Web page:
I had no concept of just how far people we support in remote villages would walk each day to retrieve water. Girls would be responsible for walking miles each day with containers to retrieve water…and these same girls were deprived of education because their water retrieval was so vital.
Sadaqah Jariyah and the Case for Water Wells
I come from a large family and an immigrant community. We stick together.
With such a large community comes the comfort of support and the trial of loss. There was a point this December that I lost three relatives in a week — two of them were just a day apart. These were not my first cousin, my direct uncle nor my grandmother, but they occupied those roles in my mind.
It’s my connection to my community that makes loss difficult, and it’s their solace that has helped me learn to grieve in a healthy way. I’ve had the same thought each time I lost a relative or a friend in the past three years: Can we build a hand pump or a water well in their name?
Islamically, the reason is simple. The only way my relative or friend who has died can continue to add to their scale of good deeds in the afterlife is to give an everlasting charity. Sadaqah jariyah.
Sadaqah on its own equates charity. It can be giving food or money to the needy, just as it can be a smaller-scale good deed, like saying a good word.
But the best of charities in my mind is the one that flows, on and on. And the Prophet Muhammad, on him be peace, said:
“The best one leaves behind after death are three: a righteous child who prays for one, a Sadaqah Jariyah, the rewards of which continue to reach one, and [religious] knowledge that continues to be applied after him” (Ibn Majah).
With that, I’ve made it my goal to raise money for a hand pump or water well whenever someone close to me has died. I give the family time to process their feelings, and I approach them to ask if they want to fundraise for a Sadaqah Jariyah project. We’ve done several since I’ve started at Zakat Foundation of America.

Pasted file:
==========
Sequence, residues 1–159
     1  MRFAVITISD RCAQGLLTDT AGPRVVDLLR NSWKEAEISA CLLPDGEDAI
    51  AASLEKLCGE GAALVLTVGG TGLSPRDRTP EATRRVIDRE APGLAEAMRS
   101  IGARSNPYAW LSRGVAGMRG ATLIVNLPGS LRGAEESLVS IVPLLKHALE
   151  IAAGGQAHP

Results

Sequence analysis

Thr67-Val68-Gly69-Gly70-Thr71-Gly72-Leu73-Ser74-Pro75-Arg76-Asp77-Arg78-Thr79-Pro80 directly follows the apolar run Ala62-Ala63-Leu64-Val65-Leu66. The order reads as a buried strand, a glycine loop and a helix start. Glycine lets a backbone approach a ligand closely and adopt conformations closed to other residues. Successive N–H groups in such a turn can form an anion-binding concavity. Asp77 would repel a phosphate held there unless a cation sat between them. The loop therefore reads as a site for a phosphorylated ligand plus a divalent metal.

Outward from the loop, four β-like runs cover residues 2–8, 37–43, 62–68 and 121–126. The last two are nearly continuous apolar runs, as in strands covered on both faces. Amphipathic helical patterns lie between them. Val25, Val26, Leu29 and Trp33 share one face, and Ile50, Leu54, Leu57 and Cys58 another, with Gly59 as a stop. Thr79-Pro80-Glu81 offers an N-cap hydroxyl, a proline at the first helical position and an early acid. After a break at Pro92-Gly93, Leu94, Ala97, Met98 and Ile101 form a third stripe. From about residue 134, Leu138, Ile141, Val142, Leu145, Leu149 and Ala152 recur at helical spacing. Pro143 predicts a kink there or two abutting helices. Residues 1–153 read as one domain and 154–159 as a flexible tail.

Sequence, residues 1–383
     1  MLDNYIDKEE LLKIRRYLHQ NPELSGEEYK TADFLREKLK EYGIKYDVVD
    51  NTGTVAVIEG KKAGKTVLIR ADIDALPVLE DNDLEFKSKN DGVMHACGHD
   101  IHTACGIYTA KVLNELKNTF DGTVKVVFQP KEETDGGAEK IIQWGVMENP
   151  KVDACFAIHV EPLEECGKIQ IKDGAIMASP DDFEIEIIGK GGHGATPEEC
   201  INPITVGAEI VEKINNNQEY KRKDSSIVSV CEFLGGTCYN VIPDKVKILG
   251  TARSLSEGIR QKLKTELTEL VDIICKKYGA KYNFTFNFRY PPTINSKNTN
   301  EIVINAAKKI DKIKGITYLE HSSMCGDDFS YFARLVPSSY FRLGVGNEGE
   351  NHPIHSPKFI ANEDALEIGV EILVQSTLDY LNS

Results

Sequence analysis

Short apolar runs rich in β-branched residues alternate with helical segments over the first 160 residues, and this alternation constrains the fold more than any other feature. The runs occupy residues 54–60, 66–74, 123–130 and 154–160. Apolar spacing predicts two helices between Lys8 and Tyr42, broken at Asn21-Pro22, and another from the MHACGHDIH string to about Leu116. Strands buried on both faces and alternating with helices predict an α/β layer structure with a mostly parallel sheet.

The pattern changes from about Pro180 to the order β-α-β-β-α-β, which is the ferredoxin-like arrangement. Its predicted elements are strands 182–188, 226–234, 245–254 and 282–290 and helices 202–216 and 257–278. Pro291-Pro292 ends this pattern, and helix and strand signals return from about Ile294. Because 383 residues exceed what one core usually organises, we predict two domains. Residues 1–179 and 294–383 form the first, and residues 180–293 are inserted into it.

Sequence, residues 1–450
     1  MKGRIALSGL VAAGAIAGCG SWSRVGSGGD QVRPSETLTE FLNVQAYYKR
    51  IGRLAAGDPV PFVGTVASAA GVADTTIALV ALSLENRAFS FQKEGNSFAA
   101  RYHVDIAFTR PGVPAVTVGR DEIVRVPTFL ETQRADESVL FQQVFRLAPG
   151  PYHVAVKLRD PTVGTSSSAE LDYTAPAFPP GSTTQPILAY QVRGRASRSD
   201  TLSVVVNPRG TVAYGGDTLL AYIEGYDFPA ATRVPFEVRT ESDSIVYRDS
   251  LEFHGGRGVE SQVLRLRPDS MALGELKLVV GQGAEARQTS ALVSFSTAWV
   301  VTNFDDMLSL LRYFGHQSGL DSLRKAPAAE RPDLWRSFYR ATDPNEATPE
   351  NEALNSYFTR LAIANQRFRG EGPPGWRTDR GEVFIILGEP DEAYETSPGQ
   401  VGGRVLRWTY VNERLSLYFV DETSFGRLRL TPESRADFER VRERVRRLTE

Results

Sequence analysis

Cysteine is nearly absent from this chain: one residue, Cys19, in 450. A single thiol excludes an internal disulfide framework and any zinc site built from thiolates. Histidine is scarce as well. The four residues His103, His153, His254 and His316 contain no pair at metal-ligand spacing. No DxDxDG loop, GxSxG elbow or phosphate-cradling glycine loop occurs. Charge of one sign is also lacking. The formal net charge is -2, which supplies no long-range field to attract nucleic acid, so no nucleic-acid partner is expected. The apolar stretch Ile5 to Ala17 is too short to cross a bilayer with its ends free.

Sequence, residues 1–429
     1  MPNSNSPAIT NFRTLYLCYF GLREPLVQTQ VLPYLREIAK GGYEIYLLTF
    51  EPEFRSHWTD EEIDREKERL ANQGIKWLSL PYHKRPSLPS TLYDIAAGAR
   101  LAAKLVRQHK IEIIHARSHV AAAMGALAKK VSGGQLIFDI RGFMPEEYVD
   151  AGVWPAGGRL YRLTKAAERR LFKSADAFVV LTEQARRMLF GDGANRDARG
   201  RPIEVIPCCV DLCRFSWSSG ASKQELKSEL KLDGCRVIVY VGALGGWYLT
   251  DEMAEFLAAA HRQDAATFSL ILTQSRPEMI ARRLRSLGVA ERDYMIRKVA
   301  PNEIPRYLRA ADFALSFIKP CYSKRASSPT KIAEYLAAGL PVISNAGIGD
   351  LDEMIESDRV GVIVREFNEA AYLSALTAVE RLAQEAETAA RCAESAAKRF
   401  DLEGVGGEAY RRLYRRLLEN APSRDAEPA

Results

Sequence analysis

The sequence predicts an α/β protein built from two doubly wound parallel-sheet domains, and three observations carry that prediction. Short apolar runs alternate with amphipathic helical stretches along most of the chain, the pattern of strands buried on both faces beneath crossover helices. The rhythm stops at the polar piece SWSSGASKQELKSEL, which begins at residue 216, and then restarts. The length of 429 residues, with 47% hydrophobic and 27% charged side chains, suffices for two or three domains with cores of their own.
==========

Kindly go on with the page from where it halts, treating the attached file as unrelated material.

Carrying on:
It wasn’t always a natural thought process for me, but it has become one. And it wasn’t until one of my great uncles died that I made an attempt to fund one of these campaigns. I did it because it would help him just as it would help me, but I was confident in my choice to take the initiative because I had seen the beautiful water wells and hand pumps Zakat Foundation has constructed in Mali, Ghana, India, Pakistan, Cambodia and several other countries. I’ve seen the smiles as kids place in fresh-flowing, clean water.
And I had no concept of just how far people we support in remote villages would walk each day to retrieve water before a source was made accessible in their small towns. Girls would be responsible for walking miles each day with containers to retrieve water that they’d have to use for cooking, bathing, and household cleaning. These same girls were deprived of education because their water retrieval was so vital.
Now, they have water wells in their communities, and they have access to both water and education. And I didn’t have to fund these water sources on my own. I crowdfunded in some cases, and in others, I donated in small amounts directly to the Sadaqah Jariyah fund.
I constantly wear a Zakat Foundation of America shirt that reads: “Dirty water kills more people every year than all forms of violence.” I don’t let myself forget that giving water saves lives (which I remind others through the back of that shirt).
Handpumps are the more affordable option at $500, and water wells are $3,000 each. Contributions to the Sadaqah Jariyah fund that are less than these amounts can be used to help other campaigns reach completion.